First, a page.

Millions of WIN buttons were produced, but the campaign was soon ridiculed as little more than a gimmick. It didn't help that the Democrats who dominated Congress disagreed with Ford over what to do about inflation. He soon found himself at odds with the institution he'd once called home, and he made frequent use of the veto pen.

Foreign crises dogged him as well. In April, 1975, Americans watched in horror as helicopters plucked people from the roof of the U.S. Embassy in Saigon as they fled the invading communist forces. A month later, Ford attempted to restore some of a wounded nation's honor by taking aggressive action in a confrontation on the high seas.

Pres. FORD: At my direction, the United States forces boarded the American merchant ship SS Mayaguez and landed at the island of Khotang for the purpose of rescuing the crew and the ship which had been illegally seized by Cambodian forces.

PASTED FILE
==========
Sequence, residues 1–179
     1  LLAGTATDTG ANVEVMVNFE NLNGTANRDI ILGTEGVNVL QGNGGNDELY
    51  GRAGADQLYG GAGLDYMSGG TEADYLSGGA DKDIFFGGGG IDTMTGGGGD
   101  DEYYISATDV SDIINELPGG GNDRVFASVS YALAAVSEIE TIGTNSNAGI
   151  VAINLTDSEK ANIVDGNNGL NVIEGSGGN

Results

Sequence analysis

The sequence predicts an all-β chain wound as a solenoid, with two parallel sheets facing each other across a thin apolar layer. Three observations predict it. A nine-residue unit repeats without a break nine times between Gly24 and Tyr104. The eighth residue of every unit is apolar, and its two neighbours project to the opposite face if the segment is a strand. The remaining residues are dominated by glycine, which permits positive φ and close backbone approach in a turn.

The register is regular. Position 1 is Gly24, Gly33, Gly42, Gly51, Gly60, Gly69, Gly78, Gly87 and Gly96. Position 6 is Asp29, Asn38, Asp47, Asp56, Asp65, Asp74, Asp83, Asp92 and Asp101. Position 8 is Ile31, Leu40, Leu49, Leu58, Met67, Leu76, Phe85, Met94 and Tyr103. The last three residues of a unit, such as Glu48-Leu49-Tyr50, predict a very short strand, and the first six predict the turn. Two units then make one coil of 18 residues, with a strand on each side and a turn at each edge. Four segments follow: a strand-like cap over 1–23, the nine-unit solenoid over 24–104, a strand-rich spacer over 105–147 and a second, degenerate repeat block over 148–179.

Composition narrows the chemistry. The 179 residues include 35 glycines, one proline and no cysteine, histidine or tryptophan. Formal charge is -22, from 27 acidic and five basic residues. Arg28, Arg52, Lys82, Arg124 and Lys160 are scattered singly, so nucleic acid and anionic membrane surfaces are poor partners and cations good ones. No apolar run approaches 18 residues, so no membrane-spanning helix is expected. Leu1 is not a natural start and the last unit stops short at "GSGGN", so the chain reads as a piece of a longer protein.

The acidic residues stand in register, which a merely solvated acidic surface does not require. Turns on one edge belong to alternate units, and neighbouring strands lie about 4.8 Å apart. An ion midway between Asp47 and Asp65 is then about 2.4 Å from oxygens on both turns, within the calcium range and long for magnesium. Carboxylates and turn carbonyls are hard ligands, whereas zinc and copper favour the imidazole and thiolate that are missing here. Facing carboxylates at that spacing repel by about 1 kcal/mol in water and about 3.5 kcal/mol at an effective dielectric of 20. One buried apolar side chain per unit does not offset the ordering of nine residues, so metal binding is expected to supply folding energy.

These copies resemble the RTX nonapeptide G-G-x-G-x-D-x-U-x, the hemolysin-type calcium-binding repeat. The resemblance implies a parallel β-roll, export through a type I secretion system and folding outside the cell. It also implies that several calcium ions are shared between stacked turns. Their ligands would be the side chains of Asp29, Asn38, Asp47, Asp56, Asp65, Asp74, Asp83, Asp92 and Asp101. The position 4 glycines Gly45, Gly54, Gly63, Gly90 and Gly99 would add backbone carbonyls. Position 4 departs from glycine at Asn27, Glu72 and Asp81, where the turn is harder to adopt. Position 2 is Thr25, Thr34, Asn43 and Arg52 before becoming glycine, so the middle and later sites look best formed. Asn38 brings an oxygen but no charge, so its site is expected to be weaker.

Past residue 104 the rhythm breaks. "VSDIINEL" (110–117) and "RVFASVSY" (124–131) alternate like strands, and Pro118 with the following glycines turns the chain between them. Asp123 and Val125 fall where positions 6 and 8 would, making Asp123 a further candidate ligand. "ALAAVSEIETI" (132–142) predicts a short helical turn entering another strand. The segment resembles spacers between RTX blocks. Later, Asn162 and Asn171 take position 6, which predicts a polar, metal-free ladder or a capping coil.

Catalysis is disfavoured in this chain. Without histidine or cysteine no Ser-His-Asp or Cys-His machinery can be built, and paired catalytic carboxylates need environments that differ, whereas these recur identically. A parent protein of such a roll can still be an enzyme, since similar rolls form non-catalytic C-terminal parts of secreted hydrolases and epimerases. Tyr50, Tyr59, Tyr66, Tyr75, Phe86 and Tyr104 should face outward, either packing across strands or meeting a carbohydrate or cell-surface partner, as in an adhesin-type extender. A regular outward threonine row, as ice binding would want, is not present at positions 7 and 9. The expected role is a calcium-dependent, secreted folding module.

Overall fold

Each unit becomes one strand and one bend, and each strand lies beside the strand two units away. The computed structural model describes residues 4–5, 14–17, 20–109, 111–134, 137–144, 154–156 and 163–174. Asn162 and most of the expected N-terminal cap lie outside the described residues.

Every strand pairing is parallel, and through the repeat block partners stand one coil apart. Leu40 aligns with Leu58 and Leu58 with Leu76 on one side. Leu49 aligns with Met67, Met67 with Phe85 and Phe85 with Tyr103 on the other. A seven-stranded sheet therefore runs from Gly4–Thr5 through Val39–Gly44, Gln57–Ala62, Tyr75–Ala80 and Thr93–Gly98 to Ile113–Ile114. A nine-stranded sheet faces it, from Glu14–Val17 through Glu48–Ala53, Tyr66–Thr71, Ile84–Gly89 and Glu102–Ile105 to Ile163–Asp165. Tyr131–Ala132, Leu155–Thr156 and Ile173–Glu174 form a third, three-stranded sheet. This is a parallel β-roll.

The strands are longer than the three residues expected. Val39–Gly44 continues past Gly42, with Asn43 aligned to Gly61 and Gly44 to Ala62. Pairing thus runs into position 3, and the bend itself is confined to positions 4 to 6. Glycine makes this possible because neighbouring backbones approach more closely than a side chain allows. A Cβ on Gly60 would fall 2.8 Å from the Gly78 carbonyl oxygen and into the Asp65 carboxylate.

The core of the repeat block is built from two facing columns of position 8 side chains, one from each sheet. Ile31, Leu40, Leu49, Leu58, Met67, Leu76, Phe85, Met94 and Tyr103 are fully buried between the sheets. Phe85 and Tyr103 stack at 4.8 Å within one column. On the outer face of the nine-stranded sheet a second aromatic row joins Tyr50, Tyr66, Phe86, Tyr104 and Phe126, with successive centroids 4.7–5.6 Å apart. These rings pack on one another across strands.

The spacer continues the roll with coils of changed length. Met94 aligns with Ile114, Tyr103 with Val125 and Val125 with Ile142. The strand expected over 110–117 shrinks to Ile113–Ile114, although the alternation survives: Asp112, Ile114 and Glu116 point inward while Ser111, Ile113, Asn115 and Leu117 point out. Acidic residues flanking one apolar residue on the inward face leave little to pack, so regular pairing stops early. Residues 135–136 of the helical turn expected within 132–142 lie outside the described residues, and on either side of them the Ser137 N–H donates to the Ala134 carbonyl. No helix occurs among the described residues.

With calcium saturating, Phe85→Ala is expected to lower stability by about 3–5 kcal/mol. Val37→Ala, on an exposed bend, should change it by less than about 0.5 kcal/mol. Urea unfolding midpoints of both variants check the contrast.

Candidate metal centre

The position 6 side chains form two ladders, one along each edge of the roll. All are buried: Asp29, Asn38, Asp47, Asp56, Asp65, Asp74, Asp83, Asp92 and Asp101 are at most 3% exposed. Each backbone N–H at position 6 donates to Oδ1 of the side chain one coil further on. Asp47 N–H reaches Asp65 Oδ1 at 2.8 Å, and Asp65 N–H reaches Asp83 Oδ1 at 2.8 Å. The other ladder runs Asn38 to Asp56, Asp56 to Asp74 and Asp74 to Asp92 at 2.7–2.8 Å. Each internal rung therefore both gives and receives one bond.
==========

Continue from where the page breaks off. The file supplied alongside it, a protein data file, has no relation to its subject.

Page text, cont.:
FESSLER: The crew was rescued but at the cost of 41 American lives. Nevertheless, Ford was praised for taking quick military action. He also continued to pursue Nixon's policy of detente with the Soviet Union. He helped craft the Helsinki accords, which sought human rights concessions from the Soviets in exchange for western recognition of communist borders in Eastern Europe. The agreement drew strong criticism from the increasingly vocal right wing of the Republican Party, led at that time by Ronald Reagan.

President Ford was also the target of physical attacks, including two assassination attempts in 1975. Less dangerous, but perhaps more damaging politically, was his slip one day on a rain soaked airplane ramp. After the incident, every bump and blunder by the president, who in fact had been an outstanding college athlete, was chronicled in the news and ridiculed on television comedy shows such as NBC's “Saturday Night Live.”

(Soundbite of TV Show, “Saturday Night Live”)

Unidentified Man #1: Let's take a look at the recent popularity polls, shall we?

(Soundbite of laughter)

Unidentified Man #1: Ouch, no problem.